Taking Time to Find Balance


A few more days remain before the start of 2015 and you have been bombarded with self help advice and tips for the new year. I plan to focus on balance and how I spend my time because creating space for balance will support my health, happiness, family, friends AND the growth of my business. How do I find balance in a chaotic world?

1) Take a time audit. Measure how you are spending all of your time. How many hours are you spending on work? What type of work are you spending your time on? How much time do you set aside for personal growth? Time with family and friends? Exercise? Church activities or religious studies?  Where is time well spent and where are your liabilities? Here is one of many time charts available online. http://www.organizedlife.org/uploads/Time_Audit_Chart.pdf

2) Enjoy the moments. Turn off the devices and take time to enjoy the simple joy of being alive and live in the moment with those around you. I will gaze at the stars more, watch the clouds, play “daddy monster” with my children more often, and enjoy the taste of a ripe strawberry. Life is a gift.

3) Take time for silence, prayer, and meditation. I like to move fast and keep a busy schedule and sometimes struggle with focusing on stillness and quiet. I find that I eventually “hit the wall” and “crash” if I don’t take time for rest, silence, prayer, and mindful meditation. I have attended many retreats and felt the most refreshed and reenergized after those retreats that focused on silence and removed the necessity to speak.

4) Create a simple plan for your time based on the results of your time audit. Where would I like to spend more time? Where am I spending too much time or wasting my time (being inefficient or unproductive)? What would I do if I had all the time in the world? What is holding me back from those activities?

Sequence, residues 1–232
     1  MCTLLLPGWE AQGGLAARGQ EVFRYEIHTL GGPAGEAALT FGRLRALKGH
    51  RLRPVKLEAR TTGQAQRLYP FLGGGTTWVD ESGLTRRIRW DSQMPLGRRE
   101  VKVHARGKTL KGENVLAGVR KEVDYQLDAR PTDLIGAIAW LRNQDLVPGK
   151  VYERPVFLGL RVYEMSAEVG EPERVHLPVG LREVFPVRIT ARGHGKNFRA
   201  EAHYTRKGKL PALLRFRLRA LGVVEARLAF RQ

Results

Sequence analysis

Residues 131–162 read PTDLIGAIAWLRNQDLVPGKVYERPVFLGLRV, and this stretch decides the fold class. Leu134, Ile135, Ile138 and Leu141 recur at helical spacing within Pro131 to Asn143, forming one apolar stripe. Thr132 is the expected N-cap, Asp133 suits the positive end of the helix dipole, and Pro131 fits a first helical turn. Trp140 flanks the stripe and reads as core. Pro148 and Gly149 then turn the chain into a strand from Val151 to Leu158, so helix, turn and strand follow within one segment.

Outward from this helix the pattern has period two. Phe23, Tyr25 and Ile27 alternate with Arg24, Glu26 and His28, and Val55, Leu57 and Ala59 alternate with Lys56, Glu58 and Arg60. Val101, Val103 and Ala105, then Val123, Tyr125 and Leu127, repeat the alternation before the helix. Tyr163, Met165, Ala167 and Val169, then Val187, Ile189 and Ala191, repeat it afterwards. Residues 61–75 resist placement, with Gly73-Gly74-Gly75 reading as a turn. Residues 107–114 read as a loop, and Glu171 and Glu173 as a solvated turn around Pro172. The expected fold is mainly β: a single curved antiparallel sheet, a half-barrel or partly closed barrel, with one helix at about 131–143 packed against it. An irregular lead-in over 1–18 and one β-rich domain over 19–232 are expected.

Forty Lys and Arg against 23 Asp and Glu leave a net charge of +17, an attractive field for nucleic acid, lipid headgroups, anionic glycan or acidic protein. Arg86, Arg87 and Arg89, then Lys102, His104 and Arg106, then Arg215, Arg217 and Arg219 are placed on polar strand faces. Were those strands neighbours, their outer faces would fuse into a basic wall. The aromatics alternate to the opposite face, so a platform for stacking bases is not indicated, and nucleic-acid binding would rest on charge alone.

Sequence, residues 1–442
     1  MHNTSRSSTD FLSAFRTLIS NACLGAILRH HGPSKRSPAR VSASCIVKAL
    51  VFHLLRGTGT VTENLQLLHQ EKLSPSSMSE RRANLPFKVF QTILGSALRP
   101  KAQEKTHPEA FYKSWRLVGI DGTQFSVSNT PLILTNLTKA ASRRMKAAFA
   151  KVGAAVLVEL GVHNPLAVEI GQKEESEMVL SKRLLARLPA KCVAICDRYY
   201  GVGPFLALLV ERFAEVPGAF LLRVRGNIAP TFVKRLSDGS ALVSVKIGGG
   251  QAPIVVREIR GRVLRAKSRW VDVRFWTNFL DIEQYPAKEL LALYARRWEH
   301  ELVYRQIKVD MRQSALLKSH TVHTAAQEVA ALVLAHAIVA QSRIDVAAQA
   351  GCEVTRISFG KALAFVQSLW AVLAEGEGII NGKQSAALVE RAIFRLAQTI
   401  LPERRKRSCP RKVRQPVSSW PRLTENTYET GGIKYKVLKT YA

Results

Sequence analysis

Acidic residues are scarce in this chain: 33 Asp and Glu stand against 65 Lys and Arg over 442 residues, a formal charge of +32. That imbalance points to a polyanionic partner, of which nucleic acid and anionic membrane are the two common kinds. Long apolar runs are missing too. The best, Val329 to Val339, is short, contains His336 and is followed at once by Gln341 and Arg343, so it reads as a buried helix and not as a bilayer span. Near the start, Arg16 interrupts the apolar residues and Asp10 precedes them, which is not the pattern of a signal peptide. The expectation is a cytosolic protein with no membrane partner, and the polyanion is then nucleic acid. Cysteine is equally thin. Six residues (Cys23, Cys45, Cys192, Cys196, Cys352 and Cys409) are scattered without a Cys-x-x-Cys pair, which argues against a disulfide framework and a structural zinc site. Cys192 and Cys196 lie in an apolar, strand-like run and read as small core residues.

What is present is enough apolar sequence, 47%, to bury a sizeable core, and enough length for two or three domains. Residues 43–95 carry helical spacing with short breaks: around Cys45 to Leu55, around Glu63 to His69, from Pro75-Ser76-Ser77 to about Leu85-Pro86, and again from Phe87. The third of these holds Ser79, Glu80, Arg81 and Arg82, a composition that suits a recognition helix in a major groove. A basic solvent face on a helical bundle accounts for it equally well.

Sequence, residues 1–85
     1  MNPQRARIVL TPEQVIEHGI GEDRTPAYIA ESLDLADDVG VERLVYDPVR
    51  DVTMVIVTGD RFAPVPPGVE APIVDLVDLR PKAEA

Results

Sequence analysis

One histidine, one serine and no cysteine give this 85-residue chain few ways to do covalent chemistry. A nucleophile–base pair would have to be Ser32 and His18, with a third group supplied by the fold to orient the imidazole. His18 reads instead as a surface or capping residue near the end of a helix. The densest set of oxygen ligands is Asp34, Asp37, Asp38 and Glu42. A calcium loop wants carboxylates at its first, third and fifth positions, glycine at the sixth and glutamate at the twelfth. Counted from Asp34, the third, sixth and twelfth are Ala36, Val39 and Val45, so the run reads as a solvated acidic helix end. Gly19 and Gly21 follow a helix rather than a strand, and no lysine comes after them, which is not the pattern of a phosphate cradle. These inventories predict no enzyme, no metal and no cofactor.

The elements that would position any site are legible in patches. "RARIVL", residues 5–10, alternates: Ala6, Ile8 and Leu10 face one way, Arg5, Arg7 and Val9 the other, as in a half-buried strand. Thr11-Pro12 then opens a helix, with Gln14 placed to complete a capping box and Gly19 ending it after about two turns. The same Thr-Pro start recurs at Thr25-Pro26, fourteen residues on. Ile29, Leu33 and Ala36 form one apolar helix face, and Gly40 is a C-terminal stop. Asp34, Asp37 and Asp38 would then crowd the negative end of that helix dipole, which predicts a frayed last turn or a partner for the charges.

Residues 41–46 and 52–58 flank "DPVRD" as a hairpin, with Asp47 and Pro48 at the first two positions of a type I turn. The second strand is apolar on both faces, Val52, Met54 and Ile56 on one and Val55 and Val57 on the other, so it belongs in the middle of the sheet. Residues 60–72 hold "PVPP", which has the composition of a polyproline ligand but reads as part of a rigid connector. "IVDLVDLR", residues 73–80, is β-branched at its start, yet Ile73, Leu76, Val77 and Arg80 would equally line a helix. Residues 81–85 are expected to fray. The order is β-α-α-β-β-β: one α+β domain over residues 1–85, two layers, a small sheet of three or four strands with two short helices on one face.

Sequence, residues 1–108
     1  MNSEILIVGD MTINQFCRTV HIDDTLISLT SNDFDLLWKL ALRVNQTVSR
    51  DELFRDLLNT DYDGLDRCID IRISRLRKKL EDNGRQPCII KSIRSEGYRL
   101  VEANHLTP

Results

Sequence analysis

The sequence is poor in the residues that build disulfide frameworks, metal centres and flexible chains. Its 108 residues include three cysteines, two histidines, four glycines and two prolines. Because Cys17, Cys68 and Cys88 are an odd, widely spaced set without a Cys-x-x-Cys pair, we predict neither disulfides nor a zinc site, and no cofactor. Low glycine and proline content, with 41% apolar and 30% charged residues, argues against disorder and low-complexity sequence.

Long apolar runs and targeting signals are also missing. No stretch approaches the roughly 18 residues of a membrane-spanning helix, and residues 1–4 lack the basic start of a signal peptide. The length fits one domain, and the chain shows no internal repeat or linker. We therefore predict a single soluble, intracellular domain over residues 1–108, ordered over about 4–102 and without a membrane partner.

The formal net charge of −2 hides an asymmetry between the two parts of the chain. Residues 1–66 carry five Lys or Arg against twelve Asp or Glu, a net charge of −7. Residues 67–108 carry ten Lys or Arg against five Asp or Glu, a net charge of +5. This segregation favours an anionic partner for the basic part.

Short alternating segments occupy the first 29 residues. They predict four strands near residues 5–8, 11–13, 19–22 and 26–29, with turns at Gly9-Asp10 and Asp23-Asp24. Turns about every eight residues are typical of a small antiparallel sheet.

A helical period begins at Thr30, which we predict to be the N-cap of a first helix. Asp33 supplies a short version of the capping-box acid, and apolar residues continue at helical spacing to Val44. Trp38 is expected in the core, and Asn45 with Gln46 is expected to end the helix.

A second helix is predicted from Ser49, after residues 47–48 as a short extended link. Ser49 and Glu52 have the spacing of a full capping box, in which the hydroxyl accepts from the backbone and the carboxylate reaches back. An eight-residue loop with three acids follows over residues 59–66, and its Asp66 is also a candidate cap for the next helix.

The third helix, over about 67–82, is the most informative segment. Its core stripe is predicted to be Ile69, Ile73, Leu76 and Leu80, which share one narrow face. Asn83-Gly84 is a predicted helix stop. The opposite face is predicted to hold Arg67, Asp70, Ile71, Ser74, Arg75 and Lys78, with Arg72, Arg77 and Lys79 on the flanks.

5) Say no. It is the hardest word to say for many of us, but it is one of the important and needed words. Doing too much can lead to a host of negative consequences and ultimately does more harm than good for everyone involved. No, I can’t volunteer for that committee, board, project, or wonderful opportunity, but perhaps next year. It is like the family that buys a bigger house to hold more “stuff.” After a few years the family ends up needing an even bigger house.

6) Delegate. Whether it is for work, home, community activities, or other aspects of our life we need to call upon others to help us get the work done. As Sondheim wrote, “No one is alone, truly. Someone is on your side.” If others are not willing to help (especially if it is a volunteer project) then the best and most difficult answer might be to simply say no. We are human beings with limited resources, but together we can make anything happen.

7) Value your time. All too often we fail to adequately value our time both for work and our personal life. What is your time worth? Does the time spent with family and friends have the same value? My wife places the highest value on time spent together and when I don’t value that time then problems arise and our relationship suffers. Consider the value of your time carefully when you say “yes” or “no” to opportunities.

May you enjoy a very happy and healthy New Year!

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